Simulated group size also influenced the number of visits (table 1), but there was no effect of odour cue renewal (table 1). Log-rank tests showed that potential predators visited roosts with only 0.1 g of guano (reflecting solitary use by bats) more than control roosts (χ2 = 6.76, d.f. = 1, p = 0.004; figure 2) but not roosts with 1 g of guano (χ2 = 2.6, d.f. = 1, p = 0.11; figure 2). However, there was no difference in the number of group and control roosts visited (χ2 = 1.01, d.f. = 1, p = 0.32; figure 2), and there was no difference in roost visitation between sites used (χ2 = 3.74, d.f. = 2, p = 0.15).
We found that even tiny quantities of faeces at an artificial roost significantly increased the likelihood of visitation by potential predators within a few days. The addition of faeces from just a single bat increased predator visitation to roosts by 30 per cent after 1 day, which increased to 44 per cent after 2 days. In natural settings, bats are thought to select roosts that probably restrict predator access , but recent significant declines in bat populations have been linked to predation at roost sites . Our results indicate that faecal odours may facilitate rapid roost detection by predators, regardless of switching tactics. Although roost switching may make it difficult to predict the location of an occupied roost from 1 day to the next, our simulation of this strategy suggests that it is not reducing visitation by potential predators. It is surprising that roosts with more guano (reflecting larger groups) received lower visitation; however, this result suggests that roosting with other bats may reduce predation risk. Furthermore, while parasite avoidance  and sociality [11,16] may be strong drivers of bat roost switching behaviour, our experiment is the first to demonstrate that predation risk probably contributes to patterns of roosting behaviour of bats.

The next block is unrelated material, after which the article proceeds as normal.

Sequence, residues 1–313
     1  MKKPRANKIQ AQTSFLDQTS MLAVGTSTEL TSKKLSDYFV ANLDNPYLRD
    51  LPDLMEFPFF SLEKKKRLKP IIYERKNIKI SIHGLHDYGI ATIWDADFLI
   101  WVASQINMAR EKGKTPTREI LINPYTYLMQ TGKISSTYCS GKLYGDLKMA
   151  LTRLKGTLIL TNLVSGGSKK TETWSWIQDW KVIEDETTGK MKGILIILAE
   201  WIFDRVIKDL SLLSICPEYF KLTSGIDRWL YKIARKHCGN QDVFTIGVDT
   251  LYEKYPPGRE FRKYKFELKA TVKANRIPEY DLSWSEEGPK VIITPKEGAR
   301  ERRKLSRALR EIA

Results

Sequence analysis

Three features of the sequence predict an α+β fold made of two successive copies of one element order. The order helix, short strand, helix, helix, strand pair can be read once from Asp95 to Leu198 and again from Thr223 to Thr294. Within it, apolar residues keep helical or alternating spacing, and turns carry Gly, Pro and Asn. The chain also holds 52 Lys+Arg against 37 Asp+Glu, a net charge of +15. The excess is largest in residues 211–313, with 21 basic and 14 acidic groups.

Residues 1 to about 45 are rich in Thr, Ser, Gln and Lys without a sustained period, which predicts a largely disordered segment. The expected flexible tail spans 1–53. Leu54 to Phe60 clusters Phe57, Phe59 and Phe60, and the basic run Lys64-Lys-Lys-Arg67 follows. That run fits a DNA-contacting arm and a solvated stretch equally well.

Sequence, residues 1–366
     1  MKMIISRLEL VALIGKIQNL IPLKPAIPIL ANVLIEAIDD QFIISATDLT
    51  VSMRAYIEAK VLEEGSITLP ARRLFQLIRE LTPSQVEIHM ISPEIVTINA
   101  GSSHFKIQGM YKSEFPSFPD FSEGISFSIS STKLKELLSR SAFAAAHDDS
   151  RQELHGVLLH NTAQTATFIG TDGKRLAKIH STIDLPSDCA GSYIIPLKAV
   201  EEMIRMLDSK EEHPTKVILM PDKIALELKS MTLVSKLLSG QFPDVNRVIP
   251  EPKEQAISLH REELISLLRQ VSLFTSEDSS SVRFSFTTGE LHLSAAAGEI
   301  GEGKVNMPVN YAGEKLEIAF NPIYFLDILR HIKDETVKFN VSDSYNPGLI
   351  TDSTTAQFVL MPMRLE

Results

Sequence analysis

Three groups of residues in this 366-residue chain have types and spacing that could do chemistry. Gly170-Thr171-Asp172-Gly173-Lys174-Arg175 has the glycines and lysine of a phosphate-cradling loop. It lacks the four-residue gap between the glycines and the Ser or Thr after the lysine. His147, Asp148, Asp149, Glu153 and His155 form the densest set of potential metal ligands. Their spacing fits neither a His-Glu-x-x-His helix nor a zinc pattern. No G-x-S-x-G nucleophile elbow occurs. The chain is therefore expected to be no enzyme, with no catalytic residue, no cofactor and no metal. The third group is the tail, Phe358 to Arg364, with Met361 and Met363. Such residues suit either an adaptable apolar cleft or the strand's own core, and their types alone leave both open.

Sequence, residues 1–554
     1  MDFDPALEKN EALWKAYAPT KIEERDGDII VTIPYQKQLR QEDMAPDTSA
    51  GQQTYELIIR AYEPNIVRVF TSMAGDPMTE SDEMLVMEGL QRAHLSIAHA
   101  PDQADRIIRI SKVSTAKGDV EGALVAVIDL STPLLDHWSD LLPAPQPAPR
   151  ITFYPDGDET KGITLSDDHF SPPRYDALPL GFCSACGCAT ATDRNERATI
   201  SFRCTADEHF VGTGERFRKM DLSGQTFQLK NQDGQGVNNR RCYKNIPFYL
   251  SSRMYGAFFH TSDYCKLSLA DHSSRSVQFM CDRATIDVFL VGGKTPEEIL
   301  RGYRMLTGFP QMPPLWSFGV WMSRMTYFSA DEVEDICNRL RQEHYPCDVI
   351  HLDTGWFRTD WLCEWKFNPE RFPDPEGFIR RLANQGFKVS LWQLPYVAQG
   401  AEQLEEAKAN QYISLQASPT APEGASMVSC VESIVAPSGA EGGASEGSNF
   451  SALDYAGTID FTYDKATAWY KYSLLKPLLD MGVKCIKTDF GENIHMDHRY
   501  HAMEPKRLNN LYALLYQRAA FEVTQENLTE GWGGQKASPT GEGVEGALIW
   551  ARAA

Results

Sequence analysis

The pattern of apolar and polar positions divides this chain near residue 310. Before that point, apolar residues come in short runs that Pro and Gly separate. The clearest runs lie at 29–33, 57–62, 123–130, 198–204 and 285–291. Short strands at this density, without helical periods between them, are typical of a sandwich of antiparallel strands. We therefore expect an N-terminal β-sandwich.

Predation on roosting bats by generalist urban predators including rats and possums may be a more significant threat than currently considered . We anticipated the extensive visitation to roosts by black rats, as they are frequently arboreal, notorious nest raiders, and implicated in the decline of bats in New Zealand [14,17], and possibly other islands . Rats were strongly attracted to guano, regardless of the amount present. However, ringtail possums were, unexpectedly, the most frequent visitor to roosts seeded with bat faeces. Why these animals would be attracted to bat odour is not immediately clear as they are considered to be primarily folivorous , but they do depredate artificial birds’ nests in urban bushland . Given that these potential predators appear able to rapidly find roosts with guano, our results may explain the decline of bats and other roosting or nesting species in the presence of scent-hunting predators [14,21]. Roosting animals such as bats may therefore be at a high risk as we show that roosts are rapidly detected, suggesting that protection of multiple roosting sites is needed in areas where these species are under threat owing to a loss of roosting opportunities. While our data suggest that roost switching may not be effective in reducing visitation by potential predators, we show that contrary to expectations, larger group size reduced predation risk, and should be investigated further as a predator evasion strategy by roosting species such as bats.
We thank M. Scott for fieldwork assistance. This research was supported by student grants to C.T. provided by the Ku-ring-gai Bat Conservation Society and an ARC Discovery grant no. DP0881455. This work was conducted by permission from the OEH (licence no. S10860) and Animal Care and Ethics Committee no. 08/153B. We thank M. R. Brigham and B. M. Fenton for their useful comments on the manuscript.
- Received December 9, 2012.
- Accepted April 10, 2013.
- © 2013 The Author(s) Published by the Royal Society. All rights reserved.